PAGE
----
# Local Erosion with Cars

I've read an interesting book by a traffic planning professor from Vienna, Hermann Knoflacher. In “Virus Auto” he describes how the car makes cities ugly and not worth living in. There are a bunch of examples how a little town is connected to interstates, the people living there are told that it will create new jobs, bring wealth to the people and so on. The reality is different, however. The interstate connection will likely drain the little town.

People have been travelling the same time per day for centuries. This means that the effective range is what you can reach within around 45 minutes (one way). If you are by foot, you can only reach the grocery store in your town. That will be able to sell to all the people in the town. But once you have a car, you can also reach the one in the next slightly larger town. And this is where the trouble begins. Say the other supermarket is larger, has a better offering and slighty lower prices. You might start to shop there, because it is so convenient with the car. Soon other people will do the same, and the local supermarket will see a plummeting in customer base. The prices need to be adjusted, driving more customers away.

Building a connection to the interstate will mean that the effective range of the people increases further. This may sound like a good idea, but the other thing is that it will slowly kill everything locally.

I've taken a simple model. There is a little town and a slightly larger city. Both have a supermarket. The people from the city will always buy in their supermarket. The people from the town might shop locally or at the city supermarket, depending on the cost of going there. The fixed costs of the supermarkets will be distributed to all customers. If many people go to the city supermarket, its prices will fall, whereas the town supermarket will need to increase the prices.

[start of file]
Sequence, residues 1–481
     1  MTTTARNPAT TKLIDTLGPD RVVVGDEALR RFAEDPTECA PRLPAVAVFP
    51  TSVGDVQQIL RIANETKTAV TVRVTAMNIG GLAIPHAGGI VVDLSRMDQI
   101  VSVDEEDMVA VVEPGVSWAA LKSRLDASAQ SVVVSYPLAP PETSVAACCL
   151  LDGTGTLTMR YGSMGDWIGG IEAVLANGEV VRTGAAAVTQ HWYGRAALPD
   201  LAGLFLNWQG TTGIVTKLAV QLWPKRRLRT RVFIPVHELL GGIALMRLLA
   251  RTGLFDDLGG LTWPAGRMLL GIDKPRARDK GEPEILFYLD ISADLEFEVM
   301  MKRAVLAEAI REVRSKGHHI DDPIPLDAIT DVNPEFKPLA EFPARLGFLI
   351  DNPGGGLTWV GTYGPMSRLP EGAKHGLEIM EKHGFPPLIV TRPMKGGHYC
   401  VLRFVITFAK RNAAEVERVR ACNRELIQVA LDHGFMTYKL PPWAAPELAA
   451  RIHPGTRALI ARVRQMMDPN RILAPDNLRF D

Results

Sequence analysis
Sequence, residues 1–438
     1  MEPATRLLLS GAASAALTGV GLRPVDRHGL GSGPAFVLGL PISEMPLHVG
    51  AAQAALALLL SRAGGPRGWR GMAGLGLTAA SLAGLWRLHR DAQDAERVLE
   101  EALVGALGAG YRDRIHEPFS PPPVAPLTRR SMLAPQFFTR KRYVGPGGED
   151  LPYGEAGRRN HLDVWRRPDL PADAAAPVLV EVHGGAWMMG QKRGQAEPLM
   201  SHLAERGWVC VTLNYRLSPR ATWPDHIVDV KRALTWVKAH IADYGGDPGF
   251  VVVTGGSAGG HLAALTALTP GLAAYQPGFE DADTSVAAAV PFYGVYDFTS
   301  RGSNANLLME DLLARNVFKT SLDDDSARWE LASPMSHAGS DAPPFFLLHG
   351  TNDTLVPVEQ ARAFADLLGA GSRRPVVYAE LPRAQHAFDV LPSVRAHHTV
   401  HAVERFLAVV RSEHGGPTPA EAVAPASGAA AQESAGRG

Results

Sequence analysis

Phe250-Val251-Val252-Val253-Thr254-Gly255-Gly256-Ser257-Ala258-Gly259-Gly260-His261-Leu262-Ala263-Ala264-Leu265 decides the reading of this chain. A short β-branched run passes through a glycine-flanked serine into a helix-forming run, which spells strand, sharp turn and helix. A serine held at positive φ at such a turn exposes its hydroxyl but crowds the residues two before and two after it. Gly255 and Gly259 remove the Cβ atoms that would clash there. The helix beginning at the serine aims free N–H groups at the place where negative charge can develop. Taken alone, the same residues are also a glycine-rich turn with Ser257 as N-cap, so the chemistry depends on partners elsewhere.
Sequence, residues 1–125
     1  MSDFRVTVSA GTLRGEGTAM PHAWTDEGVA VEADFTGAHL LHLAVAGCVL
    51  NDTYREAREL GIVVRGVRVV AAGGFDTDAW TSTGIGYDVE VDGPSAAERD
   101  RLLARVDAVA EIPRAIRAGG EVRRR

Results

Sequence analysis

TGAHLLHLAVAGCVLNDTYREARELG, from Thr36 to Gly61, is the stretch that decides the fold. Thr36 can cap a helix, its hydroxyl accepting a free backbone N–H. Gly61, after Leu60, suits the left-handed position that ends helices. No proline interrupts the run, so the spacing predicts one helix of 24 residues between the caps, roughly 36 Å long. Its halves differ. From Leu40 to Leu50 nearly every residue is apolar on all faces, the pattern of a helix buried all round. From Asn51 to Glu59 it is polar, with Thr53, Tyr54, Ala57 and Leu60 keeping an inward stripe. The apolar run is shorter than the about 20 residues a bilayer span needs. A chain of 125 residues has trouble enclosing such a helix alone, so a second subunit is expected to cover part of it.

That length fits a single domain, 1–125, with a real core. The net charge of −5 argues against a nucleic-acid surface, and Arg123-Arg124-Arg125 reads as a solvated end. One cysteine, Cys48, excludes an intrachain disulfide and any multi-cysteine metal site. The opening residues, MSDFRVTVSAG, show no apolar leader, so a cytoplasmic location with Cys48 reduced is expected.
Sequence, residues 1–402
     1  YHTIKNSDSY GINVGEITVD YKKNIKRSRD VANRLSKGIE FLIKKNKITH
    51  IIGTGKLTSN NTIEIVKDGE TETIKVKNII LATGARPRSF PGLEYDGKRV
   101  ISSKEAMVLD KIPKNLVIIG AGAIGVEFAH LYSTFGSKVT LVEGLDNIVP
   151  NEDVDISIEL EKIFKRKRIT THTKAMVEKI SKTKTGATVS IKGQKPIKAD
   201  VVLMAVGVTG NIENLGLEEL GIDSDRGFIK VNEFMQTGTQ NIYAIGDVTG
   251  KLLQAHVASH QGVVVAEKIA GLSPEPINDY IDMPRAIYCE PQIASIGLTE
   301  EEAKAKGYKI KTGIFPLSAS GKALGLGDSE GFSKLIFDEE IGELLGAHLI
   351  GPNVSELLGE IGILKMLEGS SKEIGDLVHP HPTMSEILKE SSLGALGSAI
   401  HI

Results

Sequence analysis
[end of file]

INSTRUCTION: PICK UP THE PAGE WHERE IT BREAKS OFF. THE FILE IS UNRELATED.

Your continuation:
We start with an bad connection between town and city. People will need to spend a lot of time to reach the city. So the associated cost with buying local is negative, so they buying local is favored.

We can see that it stays constant over time, because nobody really drives into the city. The probability of going is virtually zero:

And so the expected number of people traveling is virtually zero:

But what happens if we now lower the cost of travelling to the city? The model begins with a cost slightly negative, so people still favor buying locally.

Yet some people take the addidional cost of shopping in the city. The probability starts low, but nonzero.

We can see that the expectation value of people traveling starts to rise. At first nobody travels, and then after a few time periods everyone does.

At this point, the cost of buying locally is so high, that nobody will do that. The local supermarket will likely go out of business at that point. The only supermarket left will be the one in the larger city. And everyone now depends on the fast mode of transportation to go there. The little town now merely is a suburb for having a house to sleep in. Whatever you want to buy, you need to travel to the next city. And if you are a teenager or senior without a driver's license or car? Well, you're stuck and it sucks.